Figure 5. Tinnitus outcomes: a 4-year follow-up. The number of participants with the presence of tinnitus burden. The presence of tinnitus burden is defined as a score higher than 0 on either one of the questionnaires. SimBiCI, simultaneous bilateral cochlear implantation; UCI/seqBiCI, unilateral cochlear implantation/sequential bilateral cochlear implantation group.
Table 5. Results from a logistic regression analysis with an autoregressive residual covariance matrix (generalized estimating equations type) for the presence of tinnitus burden.
A sensitivity analysis of the behavioral and self-reported data without participants with missing data revealed no differences regarding direction, effect sizes or significance of the results compared to the primary analysis except for the NCIQ basic sound perception: a significant overall lower NCIQ basic sound perception score was seen in the UCI/seqBiCI group (-11.61, p: 0.028). This indicates that missing data in the original analyses did not obscure the results.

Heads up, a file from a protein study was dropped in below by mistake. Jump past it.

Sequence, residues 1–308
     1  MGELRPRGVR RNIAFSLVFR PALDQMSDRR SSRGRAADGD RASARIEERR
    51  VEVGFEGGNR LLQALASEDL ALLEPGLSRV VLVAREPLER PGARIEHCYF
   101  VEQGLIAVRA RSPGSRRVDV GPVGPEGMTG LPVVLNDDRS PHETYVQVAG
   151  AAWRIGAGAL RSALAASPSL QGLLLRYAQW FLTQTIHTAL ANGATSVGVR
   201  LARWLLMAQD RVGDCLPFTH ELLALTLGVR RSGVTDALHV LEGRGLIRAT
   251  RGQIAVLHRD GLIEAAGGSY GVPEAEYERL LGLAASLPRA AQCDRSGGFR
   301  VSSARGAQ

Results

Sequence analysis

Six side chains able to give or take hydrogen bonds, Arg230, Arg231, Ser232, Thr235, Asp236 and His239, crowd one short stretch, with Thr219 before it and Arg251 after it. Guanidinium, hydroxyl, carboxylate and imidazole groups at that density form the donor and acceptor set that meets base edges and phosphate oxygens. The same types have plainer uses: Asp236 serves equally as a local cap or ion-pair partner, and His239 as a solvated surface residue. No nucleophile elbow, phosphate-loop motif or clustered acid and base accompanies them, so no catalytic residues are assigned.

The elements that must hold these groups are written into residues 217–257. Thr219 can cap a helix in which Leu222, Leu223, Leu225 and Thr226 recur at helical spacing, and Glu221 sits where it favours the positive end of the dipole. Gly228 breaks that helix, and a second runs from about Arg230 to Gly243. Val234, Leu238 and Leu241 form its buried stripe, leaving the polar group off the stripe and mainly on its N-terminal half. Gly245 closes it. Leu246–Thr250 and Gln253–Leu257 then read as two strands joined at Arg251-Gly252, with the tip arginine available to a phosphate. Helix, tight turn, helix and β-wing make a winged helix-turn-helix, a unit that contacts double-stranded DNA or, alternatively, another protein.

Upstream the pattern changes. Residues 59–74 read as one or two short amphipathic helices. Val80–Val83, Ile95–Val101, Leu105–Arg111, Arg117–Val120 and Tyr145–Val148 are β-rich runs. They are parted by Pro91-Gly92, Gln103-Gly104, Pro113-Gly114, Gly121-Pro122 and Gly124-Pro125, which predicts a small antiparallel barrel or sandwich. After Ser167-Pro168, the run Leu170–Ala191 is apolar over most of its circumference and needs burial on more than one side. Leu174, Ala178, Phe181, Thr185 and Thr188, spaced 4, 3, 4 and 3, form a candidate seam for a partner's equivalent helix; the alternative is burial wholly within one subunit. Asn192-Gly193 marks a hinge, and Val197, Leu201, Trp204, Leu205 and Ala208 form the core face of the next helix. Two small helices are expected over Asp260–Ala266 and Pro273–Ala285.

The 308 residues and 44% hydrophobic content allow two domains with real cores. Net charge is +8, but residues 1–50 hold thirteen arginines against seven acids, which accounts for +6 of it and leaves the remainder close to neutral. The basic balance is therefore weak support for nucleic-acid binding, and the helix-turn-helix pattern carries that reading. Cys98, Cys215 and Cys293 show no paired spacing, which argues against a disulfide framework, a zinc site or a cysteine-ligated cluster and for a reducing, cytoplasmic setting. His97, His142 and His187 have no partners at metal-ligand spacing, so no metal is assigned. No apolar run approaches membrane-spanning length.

As shown in Table 6, several complications occurred during the 4 years follow-up period. One participant suffered from vertigo 1 year following simBiCI. Electronystagmographic examination was inconclusive, yet vestibular areflexia was excluded as the cause of vertigo. In one participant in the UCI/seqBiCI group, the left CI had to be explanted and re-implanted 4 years after initial implantation. After initial good performance, the left CI became dysfunctional resulting in an increased stimulation level and coexisting facial nerve stimulation. The cause of this failure remained unclear, imaging and integrity tests were normal. One participant in the simBiCI group with a history of panhypopituitarism, hypothyroidism, kidney failure and systemic lupus erythematosus for which corticosteroids were used, suffered from skin flap necrosis after implantation of the left CI. Surgery was needed to close the subsequent skin defect. One participant suffered from a facial nerve palsy 10 days after seqBiCI (House Brackmann grade 3), of unknown origin, possibly due to a viral infection. The palsy improved spontaneously to House Brackmann grade 2. Another participant in the UCI/seqBiCI group suffered from acute otitis media in the secondly implanted ear for which intravenous antibiotic treatment was needed. One participant in the UCI/seqBiCI group perceived extra sound sensations in CI2. In one participant in the UCI/seqBiCI group, local antibiotics had to be administered to treat a skin infection at the implantation site. In both groups, a participant experienced pain at the ear’s helix due to pressure of the speech processor, for which a support frame and a body worn speech processor were provided. Although it appears that the complication rate is higher in de UCI/seqBiCI group, this was not statistically supported.